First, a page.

The legal maneuvering and sequestering behind the discovery of Kennewick Man was a media-fest fed by the loony assertions of white supremacists that the Aryan race discovered America. The result was increasing polarization between the white, male litigants who wanted to run tests on the bones and the local Umatilla people who wanted him reburied.

In 1999, archeologists Mark Papworth and Larry Lahren and I asked the Anzick family for permission to revisit the burial site. We would interview the surviving discoverers who found the burial back in 1968 and re-excavate the backfill of previous archeologists’ digs in order to establish the original stratigraphy of the short cliff-face, into which the burial bundle had been stuffed.

I was writing an article for Outside, whose expense money helped finance the excavation. The article advocated reburying the child and, in this, it failed. Inadvertently, the press coverage advertised the burial items for wealthy artifact collectors and as a gold mine for academically connected archeologists.

The Iberian versus Siberian debate followed the archeological gold trail from Kennewick back to Montana. Solutrean advocates said the Anzick child’s bones were buried completely apart from the 115 artifacts and at a different time. Furthermore, the Clovis-Out-of-Europe school argued, even if they were interred at the same time, the boy’s DNA would indicate a European origin.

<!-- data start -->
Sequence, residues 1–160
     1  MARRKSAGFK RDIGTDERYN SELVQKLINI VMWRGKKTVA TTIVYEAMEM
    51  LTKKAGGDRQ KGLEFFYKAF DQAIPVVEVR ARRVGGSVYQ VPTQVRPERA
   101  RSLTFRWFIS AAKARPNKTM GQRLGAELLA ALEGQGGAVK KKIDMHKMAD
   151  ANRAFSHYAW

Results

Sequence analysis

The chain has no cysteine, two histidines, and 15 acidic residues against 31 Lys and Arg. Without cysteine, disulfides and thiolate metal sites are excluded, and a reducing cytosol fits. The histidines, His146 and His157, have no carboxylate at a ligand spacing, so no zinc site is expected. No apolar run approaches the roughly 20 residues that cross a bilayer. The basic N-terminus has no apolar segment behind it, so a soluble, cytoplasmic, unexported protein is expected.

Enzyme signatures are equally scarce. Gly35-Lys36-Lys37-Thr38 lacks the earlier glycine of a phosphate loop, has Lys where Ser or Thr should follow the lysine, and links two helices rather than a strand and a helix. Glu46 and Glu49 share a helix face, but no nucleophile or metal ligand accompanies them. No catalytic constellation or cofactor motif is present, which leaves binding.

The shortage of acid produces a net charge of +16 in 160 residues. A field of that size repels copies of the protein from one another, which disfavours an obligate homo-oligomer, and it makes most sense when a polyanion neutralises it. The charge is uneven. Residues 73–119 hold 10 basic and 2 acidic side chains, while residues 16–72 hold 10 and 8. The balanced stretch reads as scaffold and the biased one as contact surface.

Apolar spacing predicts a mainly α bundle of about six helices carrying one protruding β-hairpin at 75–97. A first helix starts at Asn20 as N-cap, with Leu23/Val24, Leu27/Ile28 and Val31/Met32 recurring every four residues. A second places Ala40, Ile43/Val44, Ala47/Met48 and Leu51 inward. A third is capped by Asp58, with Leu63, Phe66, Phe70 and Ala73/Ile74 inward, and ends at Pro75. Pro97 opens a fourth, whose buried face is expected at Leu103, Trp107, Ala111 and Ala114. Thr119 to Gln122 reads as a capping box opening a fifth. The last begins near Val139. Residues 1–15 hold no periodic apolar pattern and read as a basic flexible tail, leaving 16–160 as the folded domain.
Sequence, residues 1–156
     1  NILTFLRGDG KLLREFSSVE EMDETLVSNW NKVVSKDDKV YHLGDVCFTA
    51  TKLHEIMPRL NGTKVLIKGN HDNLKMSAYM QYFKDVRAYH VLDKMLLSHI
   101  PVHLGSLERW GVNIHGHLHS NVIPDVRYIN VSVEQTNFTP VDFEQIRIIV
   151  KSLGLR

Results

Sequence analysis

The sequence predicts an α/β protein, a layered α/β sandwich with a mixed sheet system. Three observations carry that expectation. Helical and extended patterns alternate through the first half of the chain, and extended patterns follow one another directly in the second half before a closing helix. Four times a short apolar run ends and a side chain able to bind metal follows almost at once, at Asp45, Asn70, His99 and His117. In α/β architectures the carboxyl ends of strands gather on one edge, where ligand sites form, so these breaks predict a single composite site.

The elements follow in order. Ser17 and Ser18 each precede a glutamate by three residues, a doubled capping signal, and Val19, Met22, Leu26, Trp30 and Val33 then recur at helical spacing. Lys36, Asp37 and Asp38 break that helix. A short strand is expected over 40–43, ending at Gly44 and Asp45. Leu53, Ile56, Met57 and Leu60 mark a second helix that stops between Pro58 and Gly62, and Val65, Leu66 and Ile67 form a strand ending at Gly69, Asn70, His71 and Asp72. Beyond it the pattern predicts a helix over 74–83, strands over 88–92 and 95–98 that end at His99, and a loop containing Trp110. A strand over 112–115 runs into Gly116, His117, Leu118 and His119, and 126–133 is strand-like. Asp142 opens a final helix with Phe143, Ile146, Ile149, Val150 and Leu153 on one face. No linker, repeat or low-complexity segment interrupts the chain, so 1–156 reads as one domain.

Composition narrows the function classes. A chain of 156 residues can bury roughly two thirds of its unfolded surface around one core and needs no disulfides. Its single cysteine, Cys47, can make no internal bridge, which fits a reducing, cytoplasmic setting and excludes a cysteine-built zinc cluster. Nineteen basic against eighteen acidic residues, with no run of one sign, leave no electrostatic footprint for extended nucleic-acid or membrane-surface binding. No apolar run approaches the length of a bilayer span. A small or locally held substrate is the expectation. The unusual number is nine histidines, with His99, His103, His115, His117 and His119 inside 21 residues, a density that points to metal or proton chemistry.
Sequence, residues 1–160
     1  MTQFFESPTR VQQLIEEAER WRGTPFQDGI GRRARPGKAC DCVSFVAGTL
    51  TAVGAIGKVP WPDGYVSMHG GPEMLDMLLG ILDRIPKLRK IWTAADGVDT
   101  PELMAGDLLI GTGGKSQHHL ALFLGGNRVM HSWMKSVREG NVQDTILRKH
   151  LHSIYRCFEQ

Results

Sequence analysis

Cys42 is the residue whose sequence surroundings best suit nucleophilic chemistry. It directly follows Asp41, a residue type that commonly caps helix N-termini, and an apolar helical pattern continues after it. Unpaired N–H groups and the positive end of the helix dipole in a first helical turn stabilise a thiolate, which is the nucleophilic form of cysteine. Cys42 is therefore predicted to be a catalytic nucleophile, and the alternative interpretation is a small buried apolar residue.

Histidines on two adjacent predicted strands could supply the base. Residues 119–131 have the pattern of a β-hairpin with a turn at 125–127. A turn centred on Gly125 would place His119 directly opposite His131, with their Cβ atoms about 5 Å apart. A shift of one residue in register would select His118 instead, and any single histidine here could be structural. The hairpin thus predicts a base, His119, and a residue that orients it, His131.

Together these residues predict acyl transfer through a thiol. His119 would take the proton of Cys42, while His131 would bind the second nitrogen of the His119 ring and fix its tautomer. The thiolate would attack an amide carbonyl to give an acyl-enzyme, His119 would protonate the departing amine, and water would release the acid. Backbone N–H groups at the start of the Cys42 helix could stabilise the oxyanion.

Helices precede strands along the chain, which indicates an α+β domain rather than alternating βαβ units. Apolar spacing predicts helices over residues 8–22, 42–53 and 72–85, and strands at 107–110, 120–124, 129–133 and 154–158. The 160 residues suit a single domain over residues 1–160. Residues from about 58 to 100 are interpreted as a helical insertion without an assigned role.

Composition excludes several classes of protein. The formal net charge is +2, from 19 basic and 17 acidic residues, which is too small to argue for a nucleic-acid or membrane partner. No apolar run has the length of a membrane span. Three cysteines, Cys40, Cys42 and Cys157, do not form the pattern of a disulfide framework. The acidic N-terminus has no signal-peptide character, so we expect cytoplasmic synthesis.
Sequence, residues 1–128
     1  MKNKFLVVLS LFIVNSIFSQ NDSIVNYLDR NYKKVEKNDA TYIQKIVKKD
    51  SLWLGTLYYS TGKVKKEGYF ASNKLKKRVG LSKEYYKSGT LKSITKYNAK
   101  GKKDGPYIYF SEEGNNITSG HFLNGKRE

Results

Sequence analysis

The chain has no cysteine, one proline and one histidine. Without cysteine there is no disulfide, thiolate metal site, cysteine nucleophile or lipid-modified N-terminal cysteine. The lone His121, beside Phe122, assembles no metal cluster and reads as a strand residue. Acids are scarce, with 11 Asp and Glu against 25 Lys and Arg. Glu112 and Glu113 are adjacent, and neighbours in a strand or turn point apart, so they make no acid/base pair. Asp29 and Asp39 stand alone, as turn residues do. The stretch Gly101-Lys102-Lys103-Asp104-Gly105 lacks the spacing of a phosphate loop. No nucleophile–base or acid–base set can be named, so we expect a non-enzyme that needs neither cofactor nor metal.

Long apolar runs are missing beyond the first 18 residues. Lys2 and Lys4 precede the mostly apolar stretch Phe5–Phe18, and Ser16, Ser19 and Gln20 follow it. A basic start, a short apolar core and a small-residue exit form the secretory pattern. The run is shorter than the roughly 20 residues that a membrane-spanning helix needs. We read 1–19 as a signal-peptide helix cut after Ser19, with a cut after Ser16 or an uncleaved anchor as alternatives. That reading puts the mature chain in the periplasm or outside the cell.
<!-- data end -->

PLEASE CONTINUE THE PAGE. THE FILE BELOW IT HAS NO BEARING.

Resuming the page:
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Well, the February article in Nature proves definitively that the Clovis child’s ancestry is Asian, not European. It’s solid science. The Solutrean fans are out of luck. This should be the biggest American archeological news in decades. That is, if archeology could let it stand without spinning the hard facts to fit an ambitious pre-conceived political agenda.

The Washington Times once called North American archaeology “one of the nastier academic communities on the planet,” and in that tradition these obvious conclusions surrounding the Montana burial now sag with the baggage of dogma.

There is an additional theory of the origins of Clovis, which not coincidentally is the brainchild of the Nature article’s senior author, Michael Waters, who initiated the DNA study of the Anzick burial. That theory, call it “Texas First,” argues that pre-Clovis folk lived on Buttermilk Creek in central in Texas starting at 15,000 years ago, a period which “provides ample time for people to settle into the environments of North America, colonize South America … develop the Clovis tool kit and create a base population through which Clovis technology could spread.”